On January 30, 1993, William B. Sligh was involved in an automobile accident with Gene A. Lorance, an uninsured motorist who was operating a vehicle while intoxicated. As a result, Will Slight suffered a broken spine and resulting paralysis, including loss of the use of both legs, loss of all sexual functions and loss of the ability to control bowel and urinary functions. Lorance was convicted of the felony of driving under the influence and causing bodily injury to another, for which he was sentenced to serve ten years, with six years suspended, in the custody of the Mississippi Department of Corrections.
Lorance had no real assets of which to speak but he was the lifetime beneficiary of two trusts, which “each have two remaindermen, Virginia Tate and William C. Bardin”. Meaning when Lorance died, the property that had been providing him dividends, interest, rents, and other passive income would actually be inherited by the other two people. The trusts were established by Lorance’s mother, and the courts interpreted them as having spendthrift protections based upon the intent at the time the were settled.
Attempting to recover the cost of medical bills and damages from this monster who destroyed their lives, Will and Lucy Sligh filed a Writ of Garnishment, trying to get their hands on the wealth held within the trusts. They alleged that “Lorance’s mother, Edith Lorance, had actual knowledge of the following facts: her son was an habitual drunkard who had been unsuccessfully treated for alcoholism; he was mentally deficient and had been previously committed to mental institutions; he had impaired facilities due to his alcoholism and mental disorders; he regularly operated motor vehicles while intoxicated; he was a reckless driver who had been involved in numerous automobile accidents; and he had been arrested and convicted on numerous occasions for driving under the influence. The complaint alleged that despite her actual knowledge of these facts, Mrs. Lorance established the two trusts as part of her intentional plan and design to enable her son to continue to leave his intemperate, debauched, wanton and depraved lifestyle while at the same time shielding his beneficial interest in the trusts from the claim of his involuntary tort creditors” [Page 512-513].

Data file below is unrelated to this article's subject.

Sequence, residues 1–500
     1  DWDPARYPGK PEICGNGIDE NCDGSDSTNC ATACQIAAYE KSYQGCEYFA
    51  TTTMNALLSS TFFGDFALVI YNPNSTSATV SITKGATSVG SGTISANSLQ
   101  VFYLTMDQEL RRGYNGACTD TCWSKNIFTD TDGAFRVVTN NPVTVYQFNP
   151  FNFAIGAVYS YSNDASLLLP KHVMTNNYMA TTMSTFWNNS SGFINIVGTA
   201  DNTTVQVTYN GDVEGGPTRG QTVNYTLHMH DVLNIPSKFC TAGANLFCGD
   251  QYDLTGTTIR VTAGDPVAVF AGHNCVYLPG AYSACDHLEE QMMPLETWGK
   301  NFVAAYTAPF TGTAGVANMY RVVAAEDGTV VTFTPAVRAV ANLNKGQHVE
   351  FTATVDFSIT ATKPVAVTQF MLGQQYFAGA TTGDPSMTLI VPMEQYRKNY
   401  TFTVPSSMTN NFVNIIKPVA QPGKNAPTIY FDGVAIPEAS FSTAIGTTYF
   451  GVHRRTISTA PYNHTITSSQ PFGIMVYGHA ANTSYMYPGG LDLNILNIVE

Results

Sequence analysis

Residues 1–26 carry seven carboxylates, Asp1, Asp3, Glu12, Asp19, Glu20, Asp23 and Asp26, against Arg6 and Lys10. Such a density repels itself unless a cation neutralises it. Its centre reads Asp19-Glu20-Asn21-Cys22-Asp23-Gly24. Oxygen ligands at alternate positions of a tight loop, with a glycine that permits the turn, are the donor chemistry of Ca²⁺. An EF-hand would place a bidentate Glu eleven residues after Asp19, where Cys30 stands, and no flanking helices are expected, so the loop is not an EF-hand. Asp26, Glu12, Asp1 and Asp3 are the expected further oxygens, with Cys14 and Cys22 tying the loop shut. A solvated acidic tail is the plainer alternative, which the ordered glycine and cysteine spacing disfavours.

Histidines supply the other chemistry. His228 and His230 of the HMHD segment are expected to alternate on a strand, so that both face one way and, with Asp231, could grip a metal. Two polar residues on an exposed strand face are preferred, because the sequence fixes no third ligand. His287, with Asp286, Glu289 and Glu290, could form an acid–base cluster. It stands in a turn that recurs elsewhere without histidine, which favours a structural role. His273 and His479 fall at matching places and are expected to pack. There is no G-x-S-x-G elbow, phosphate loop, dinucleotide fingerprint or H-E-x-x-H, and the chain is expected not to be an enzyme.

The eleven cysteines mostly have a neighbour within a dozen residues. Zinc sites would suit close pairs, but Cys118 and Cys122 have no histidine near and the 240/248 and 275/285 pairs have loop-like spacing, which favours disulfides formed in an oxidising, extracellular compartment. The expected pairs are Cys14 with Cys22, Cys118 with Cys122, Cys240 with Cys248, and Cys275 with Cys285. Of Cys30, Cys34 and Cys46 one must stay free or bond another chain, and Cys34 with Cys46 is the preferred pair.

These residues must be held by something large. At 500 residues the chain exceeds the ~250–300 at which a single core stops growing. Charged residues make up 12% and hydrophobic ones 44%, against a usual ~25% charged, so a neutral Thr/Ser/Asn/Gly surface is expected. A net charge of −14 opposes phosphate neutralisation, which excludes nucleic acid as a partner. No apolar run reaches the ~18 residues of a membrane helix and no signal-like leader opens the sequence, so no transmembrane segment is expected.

The question: What is the best, most moral outcome for society? I don’t mean in this particular case, where there are state laws involved so the question of justice might be different from the question of the right technical answer. I mean, in a perfect society where we were designing the best possible framework for the population, what leads to the least harm?
On one hand, Lorance does not own the money in the trust. It was the mother’s property and she intended for Virginia Tate and William Bardin to inherit it. However, in her absence, she wanted the trust be able to provide for her son just like she would have were she able to do so, paying for his living expenses and lifestyle even if he were effectively bankrupted by his horrible actions and terrible decisions. To say the victims in this case, the Slighs, are somehow harmed by the injustice of not being able to tap the trust assets seems wrong because the trust assets do not belong to Lorance. If the mother had been still physically holding the money, gifting it to her son regularly rather than the trust, they wouldn’t have had any opportunity to force her to hand over her wealth. She would have kept supporting him then left it all to William and Virginia after he son died. To demand the trust repay the Slighs is as immoral as demanding the government confiscate the money from the mother were she still alive. There is little difference.